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How Cell Phones Hurt Your Relationship

When it comes to social interaction, though, we need to be more mindful. Technology can be great for keeping in touch over long distances or reminding us of important dates. But the study serves as a reminder that technology is supposed to enhance our social connections. Not to replace it.
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Technology can be a wonderful thing. It can make us more productive, creative, and efficient. They help us get things done. But in certain situations, it's not always great.

Our gadgets can also be distracting, inhibit classroom learning, and may even disturb your sleep. Even though technology can be grand, we shouldn't let it control our lives.

In a study published in the journal Computers in Human Behavior, researchers find that your cell phone may be hurting your romantic relationships.

Phoning in The Romance

I would like to think I keep up on the cool slang terms of the day. However, the study used a term I wasn't familiar with. P-phubbing.

Look at that, kids. Science is trying to be hip.

It's shorthand for partner phone snubbing. And in the study it's defined as the act of using or being distracted by your cell phone while in the company of your relationship partner.

James Roberts was one of the authors involved in the study. Here's what he says about the study in a statement:

"What we discovered was that when someone perceived that their partner phubbed them, this created conflict and led to lower levels of reported relationship satisfaction."

That's not the whole story. There are bigger implications than simply not paying attention to a romantic interest. James continues:

"These lower levels of relationship satisfaction, in turn, led to lower levels of life satisfaction and, ultimately, higher levels of depression."

The P-phubbing Study

The team of researchers ran two surveys to look at the phenomenon of phone snubbing in relationships.

The first survey was used to develop a 9 item scale to determine what people saw as a phone snubbing behavior. These activities included things such as:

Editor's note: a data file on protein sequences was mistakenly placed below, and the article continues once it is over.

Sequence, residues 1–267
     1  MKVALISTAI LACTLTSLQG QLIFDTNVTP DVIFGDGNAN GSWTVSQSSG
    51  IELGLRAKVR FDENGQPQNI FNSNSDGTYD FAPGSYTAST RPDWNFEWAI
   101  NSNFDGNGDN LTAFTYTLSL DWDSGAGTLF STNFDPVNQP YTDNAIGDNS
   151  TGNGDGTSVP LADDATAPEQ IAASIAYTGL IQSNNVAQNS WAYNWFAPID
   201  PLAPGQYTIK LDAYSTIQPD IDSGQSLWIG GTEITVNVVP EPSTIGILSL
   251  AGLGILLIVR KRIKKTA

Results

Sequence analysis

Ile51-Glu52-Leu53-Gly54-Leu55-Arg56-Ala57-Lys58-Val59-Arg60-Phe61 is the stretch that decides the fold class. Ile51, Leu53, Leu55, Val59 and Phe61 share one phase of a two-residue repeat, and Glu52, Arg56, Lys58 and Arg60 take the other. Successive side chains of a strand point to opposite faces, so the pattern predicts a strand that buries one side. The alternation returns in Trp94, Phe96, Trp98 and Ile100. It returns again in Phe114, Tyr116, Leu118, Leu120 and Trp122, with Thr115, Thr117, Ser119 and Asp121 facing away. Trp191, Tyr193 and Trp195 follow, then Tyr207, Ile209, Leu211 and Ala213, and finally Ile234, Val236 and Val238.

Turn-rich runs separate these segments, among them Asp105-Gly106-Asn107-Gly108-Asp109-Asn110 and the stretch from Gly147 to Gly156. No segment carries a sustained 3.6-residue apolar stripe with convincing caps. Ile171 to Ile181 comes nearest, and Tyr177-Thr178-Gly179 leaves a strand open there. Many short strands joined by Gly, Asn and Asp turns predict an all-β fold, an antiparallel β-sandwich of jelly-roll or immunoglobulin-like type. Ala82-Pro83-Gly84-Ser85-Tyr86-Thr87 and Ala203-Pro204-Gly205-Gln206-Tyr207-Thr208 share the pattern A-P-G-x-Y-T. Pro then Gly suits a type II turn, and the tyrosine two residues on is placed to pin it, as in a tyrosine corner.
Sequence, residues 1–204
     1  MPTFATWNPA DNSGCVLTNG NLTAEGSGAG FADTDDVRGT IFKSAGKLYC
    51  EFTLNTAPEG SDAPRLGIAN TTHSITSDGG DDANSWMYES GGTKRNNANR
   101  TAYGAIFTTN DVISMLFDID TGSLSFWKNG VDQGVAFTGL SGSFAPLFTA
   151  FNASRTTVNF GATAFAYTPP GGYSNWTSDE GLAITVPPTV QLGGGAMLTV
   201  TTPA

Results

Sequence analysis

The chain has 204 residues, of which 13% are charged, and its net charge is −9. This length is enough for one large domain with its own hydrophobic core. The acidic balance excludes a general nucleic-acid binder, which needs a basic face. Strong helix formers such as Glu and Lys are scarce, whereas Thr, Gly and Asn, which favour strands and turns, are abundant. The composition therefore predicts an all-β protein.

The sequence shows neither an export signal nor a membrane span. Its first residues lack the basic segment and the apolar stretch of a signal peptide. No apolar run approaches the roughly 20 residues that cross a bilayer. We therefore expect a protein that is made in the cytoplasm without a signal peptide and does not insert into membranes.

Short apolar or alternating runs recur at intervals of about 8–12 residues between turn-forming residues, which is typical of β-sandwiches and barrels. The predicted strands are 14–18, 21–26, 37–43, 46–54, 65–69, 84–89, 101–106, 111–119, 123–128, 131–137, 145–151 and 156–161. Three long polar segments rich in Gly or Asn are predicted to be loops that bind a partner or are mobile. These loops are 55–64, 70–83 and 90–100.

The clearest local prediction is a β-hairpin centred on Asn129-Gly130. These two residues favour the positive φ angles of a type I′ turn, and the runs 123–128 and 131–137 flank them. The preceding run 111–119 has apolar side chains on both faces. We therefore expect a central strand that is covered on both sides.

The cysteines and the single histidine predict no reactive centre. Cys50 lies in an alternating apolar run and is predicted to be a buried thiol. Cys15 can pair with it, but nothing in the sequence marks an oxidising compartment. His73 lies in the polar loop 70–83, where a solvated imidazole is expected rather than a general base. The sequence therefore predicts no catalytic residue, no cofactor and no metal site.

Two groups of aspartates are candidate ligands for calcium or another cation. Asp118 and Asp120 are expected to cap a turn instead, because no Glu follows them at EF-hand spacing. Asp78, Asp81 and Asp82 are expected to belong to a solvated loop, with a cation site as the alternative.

• My partner places his or her cellphone where they can see it when we are together.
  • My partner keeps his or her cellphone in their hand when he or she is with me.
  • My partner glances at his/her cellphone when talking to me.
  • If there is a lull in our conversation, my partner will check his or her cellphone.

If want to take the quiz yourself , James has written a post here at Huffington Post.

The second part of the study measured these behaviors. They also asked about factors like relationship satisfaction, depression, life satisfaction, and cellphone conflict.

The Results

Here's what they found.

Among the survey results, the researchers saw that about 46% of people reported being phubbed by their partner. Another 22 percent said that phubbing caused conflict in their relationships.

James weighs in on the survey results:

"Specifically, momentary distractions by one's cellphone during time spent with a significant other likely lowers the significant other's satisfaction with their relationship, and could lead to enhanced feelings of depression and lower well-being of that individual."

It does more than just hurt the other person. If you snub your partner, it can impact your life as well. Here's James one last time:

"When you think about the results, they are astounding. Something as common as cellphone use can undermine the bedrock of our happiness - our relationships with our romantic partners."

Technology Mindfulness

I would never say we need to do away with technology. It drives science, can help us collaborate, and helps us discover the world in which we live.

When it comes to social interaction, though, we need to be more mindful. Technology can be great for keeping in touch over long distances or reminding us of important dates. But the study serves as a reminder that technology is supposed to enhance our social connections. Not to replace it.

So when in the presence of others, remember what's important. It's the human to human connections that give meaning to your life.

This article first appeared on TheBrainFlux. You can join thousands of others getting brain tips by following on Twitter or Facebook.

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Image: Adib Roy